The Second World War altered a quarter-billion lives. The number of eyewitnesses dwindles. We are left with personal accounts of ordinary people who saw extraordinary things. Surviving The Gulag is one.
Ilse Johansen in postwar years worked as a school janitor and cruise ship stewardess in Vancouver. Friends recall she seemed friendly enough, but could not bear to throw out even scraps of food. Johansen wrote her memoirs, translated here from the original German. Surviving the Gulag is like pulling a loose thread that slowly unravels a tightly-knit narrative leading to unexpected places.
Johansen at first glance is not a sympathetic character. She was a German nationalist with an office job in Romania and a Nazi membership pin. “She herself wore the uniform of the Nazi Party for her civilian duties as a secretary in Bucharest,” writes editor Heather Marshall of the University of Alberta.
Johansen’s memoirs initially are laced with tedious commentaries on German superiority. Romanians are hapless, Russians are alcoholic brutes, so-and-so is remembered only as a Jewess. It is jarring to a 21st century reader.
Yet Johansen was also a skilled diarist who matter-of-factly recounts stark anecdotes of her arrest and detention after Bucharest fell to the Soviets in 1944. She recalls one inmate weeping from hunger, and others fighting over fish bones. “Johansen was a careful observer of everything that happened to her and of the people with whom she came into contact,” notes Surviving the Gulag. “Very few people lived through five years in a Soviet prisoner-of-war camp and managed to bring back notes and memories with as much factual information. She makes little attempt to explain or analyze, which gives the memoir the feel of pure and immediate observation.”
Johansen survives her war by stealing potatoes at a prison farm. She recalls the Soviet propaganda slogans urging inmates to meet their production quota: Remember 125%. She remembers, too, the descent into madness.
“Child mortality is very high in the camp,” she writes. One bunkmate, 22, has a toddler she keeps alive only for the sake of rations: “I have never seen a mother like this,” writes Johansen. “It is pitiful to watch this. She doesn’t send the child to the kindergarten because then she will not receive the child’s ration. Instead she lets the child sit on the bed while she is at work. The little one is so quiet that one can leave her alone. On these occasions it happens of course that she wets the bed. The little one begins to shake when she sees the mother enter the door. The woman is merciless; she beats and throws the child back and forth until we cannot watch it any longer. The poor little mite finally dies.”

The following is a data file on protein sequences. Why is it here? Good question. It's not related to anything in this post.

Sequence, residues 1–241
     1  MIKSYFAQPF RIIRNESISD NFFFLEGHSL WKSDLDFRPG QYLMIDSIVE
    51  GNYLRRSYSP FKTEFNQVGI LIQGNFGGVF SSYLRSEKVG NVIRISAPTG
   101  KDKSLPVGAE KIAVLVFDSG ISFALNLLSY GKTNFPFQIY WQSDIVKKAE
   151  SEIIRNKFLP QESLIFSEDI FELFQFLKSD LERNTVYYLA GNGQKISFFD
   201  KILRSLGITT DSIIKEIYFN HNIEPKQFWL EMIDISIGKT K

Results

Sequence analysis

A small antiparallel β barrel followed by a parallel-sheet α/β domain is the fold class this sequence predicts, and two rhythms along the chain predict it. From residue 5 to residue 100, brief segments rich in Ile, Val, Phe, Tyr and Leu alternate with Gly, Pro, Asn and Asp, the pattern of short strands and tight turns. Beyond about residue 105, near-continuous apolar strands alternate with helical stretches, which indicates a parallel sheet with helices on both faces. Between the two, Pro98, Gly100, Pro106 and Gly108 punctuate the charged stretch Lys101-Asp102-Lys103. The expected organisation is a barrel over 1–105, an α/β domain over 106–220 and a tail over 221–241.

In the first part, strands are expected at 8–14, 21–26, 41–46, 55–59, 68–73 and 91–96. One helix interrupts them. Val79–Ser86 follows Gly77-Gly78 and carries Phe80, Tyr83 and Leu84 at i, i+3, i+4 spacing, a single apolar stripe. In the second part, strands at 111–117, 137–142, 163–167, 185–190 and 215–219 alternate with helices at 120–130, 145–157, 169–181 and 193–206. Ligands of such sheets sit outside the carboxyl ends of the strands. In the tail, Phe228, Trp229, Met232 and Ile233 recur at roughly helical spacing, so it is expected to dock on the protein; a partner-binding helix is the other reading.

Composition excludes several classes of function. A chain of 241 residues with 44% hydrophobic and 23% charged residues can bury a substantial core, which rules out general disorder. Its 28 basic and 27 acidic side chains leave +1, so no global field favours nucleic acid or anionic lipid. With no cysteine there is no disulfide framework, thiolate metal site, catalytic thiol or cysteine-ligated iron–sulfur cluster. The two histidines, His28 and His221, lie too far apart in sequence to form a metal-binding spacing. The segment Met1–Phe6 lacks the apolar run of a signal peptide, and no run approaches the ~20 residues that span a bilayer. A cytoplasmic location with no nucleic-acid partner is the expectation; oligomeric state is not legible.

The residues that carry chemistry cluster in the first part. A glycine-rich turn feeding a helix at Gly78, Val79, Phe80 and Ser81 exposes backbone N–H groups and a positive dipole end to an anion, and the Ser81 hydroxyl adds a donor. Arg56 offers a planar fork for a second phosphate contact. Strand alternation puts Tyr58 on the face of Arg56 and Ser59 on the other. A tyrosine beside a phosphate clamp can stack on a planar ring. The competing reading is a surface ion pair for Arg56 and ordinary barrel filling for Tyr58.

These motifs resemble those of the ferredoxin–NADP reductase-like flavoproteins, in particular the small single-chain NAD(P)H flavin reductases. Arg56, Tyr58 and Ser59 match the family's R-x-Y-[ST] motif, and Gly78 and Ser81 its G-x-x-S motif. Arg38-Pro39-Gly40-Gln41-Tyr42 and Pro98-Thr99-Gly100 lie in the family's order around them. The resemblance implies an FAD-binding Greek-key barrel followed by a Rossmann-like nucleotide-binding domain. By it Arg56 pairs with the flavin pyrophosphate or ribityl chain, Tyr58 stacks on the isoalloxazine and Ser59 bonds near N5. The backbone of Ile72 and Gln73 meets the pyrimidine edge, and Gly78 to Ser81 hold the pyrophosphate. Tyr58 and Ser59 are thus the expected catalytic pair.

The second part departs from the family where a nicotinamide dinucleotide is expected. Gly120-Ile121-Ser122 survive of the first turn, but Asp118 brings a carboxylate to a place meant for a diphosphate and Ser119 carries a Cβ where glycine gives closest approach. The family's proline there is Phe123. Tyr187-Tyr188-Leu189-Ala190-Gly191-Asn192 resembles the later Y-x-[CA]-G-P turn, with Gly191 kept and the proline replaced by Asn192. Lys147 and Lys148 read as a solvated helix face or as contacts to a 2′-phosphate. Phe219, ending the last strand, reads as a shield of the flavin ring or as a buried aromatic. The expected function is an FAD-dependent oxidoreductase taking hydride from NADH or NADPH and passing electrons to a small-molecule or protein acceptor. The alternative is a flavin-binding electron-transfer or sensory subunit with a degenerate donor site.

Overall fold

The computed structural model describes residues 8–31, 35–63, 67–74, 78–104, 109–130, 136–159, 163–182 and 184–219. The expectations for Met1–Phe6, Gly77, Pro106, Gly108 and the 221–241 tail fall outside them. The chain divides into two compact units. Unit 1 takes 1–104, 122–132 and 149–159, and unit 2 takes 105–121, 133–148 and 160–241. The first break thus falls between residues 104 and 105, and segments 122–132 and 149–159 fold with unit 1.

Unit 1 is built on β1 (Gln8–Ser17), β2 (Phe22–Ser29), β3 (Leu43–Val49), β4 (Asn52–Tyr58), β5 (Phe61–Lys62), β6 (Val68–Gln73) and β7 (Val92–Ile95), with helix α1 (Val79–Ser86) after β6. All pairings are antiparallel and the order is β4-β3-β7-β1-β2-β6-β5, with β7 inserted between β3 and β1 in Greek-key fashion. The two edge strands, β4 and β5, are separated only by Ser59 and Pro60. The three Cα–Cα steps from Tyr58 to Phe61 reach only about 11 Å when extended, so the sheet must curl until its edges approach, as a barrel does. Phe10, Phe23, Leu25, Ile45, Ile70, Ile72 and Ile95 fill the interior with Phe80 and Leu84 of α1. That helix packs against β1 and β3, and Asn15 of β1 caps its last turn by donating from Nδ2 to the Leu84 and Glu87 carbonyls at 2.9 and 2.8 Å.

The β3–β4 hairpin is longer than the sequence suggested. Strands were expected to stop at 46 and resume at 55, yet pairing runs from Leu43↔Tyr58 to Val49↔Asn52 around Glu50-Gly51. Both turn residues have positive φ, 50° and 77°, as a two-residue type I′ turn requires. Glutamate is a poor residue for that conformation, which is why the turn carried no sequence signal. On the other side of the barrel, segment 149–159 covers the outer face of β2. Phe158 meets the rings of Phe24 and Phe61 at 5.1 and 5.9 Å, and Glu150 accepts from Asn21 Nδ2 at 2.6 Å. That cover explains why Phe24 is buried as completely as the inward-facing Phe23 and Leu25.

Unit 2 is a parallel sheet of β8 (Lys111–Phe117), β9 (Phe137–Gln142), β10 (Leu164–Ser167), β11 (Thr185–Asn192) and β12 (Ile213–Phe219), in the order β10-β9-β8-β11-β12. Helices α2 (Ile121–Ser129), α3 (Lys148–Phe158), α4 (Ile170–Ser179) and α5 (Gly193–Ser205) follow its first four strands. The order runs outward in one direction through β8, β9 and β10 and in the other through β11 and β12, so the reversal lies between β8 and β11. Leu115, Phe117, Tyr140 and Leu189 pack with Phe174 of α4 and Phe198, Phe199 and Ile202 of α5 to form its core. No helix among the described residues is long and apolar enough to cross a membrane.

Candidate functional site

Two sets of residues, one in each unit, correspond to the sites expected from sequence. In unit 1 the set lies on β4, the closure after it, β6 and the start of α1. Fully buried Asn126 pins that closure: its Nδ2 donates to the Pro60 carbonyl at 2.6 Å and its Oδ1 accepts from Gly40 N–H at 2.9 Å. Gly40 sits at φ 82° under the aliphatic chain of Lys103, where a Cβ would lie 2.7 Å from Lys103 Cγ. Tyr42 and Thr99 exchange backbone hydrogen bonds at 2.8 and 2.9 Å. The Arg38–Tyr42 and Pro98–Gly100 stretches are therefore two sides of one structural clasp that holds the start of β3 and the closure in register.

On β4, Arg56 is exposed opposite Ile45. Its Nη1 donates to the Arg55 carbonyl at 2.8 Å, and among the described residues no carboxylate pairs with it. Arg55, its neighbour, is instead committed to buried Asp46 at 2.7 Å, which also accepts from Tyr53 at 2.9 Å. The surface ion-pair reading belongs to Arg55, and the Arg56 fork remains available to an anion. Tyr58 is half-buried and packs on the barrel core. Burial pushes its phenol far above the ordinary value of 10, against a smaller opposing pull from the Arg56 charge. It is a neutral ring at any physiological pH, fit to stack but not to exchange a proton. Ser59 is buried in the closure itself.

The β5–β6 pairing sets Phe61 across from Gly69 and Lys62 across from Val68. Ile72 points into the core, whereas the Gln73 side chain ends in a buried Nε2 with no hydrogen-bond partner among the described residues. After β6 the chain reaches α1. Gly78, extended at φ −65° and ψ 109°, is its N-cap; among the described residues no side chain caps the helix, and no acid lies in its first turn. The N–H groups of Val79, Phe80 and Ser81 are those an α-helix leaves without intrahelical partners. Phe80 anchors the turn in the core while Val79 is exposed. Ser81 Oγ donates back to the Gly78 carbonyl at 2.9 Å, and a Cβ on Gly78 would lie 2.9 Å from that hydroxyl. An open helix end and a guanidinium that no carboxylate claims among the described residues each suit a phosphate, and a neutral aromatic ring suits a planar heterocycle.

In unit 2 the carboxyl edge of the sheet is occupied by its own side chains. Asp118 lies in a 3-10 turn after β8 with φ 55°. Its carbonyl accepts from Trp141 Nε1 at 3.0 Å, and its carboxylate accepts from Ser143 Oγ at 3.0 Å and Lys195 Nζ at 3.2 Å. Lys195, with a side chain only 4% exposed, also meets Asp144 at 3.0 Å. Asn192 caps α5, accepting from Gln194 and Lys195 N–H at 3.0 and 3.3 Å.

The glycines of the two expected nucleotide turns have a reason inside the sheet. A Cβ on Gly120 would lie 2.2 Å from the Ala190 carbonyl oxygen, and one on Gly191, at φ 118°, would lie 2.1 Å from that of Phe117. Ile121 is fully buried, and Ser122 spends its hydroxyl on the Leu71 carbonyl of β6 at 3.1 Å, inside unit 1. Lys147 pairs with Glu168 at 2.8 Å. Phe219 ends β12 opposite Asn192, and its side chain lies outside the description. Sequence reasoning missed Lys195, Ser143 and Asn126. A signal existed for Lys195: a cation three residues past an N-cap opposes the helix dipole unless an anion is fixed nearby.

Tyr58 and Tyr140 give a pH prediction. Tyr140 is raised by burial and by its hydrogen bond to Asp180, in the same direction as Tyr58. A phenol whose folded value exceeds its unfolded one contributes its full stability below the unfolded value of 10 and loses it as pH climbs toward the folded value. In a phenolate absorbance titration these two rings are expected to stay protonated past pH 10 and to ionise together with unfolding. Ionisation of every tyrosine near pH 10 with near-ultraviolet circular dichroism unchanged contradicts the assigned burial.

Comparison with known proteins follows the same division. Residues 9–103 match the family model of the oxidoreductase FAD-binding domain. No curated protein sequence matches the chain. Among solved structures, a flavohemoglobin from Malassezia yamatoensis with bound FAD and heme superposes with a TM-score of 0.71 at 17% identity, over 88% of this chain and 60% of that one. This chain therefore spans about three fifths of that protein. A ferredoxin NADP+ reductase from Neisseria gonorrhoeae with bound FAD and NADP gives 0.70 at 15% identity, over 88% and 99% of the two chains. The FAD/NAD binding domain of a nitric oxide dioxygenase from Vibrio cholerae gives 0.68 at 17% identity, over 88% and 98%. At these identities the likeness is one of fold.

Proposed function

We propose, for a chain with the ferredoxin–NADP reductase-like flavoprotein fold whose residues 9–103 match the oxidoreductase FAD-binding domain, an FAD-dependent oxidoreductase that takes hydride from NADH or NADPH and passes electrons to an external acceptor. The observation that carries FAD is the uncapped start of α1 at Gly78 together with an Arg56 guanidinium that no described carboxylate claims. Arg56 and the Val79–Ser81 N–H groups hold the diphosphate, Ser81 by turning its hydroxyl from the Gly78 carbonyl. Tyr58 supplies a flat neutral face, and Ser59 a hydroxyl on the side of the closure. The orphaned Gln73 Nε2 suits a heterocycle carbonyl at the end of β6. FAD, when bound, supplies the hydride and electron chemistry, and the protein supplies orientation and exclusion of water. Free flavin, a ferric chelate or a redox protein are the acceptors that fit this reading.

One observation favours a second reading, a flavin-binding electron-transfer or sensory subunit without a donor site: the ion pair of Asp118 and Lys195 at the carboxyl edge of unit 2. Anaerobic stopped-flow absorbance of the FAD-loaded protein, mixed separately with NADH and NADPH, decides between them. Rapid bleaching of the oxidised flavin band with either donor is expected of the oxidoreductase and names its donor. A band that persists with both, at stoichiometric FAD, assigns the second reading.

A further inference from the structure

Johansen survives beatings, a failed escape attempt and starvation, all amid the spectacular beauty of Russia. “Sky-high pines look up from deep gorges,” she writes. “Huge boulders are covered with wild roses”; “I feel lighthearted,” says Johansen. “Could this country be so cruel and terrible when nature is so gorgeous?”
In time Johansen even gains insight into her tormentors. Where Soviets once seemed subhuman, she learns: “Prison is an everyday reality for Russians. One can be a very decent person but have a history of having done time for several years. They are not ashamed of talking about it: ‘My mother is sitting in jail; my husband has been convicted and was given three years in the penitentiary.’ Nobody is surprised about it. Many times the reason is an injudicious statement reported by someone. Sometimes it is homicide. They talk about it as if it were nothing special. Life here is hard and people are formed accordingly.”
Johansen was released in 1949 – “no one seems to know why,” writes Editor Marshall – and immigrated to Western Canada. Surviving the Gulag leaves much unsaid. What remains is absorbing, and very human.
By Holly Doan
Surviving the Gulag: A German Woman’s Memoir, by Ilse Johansen; University of Alberta Press; 296 pages; ISBN 9781-7721-20387; $34.95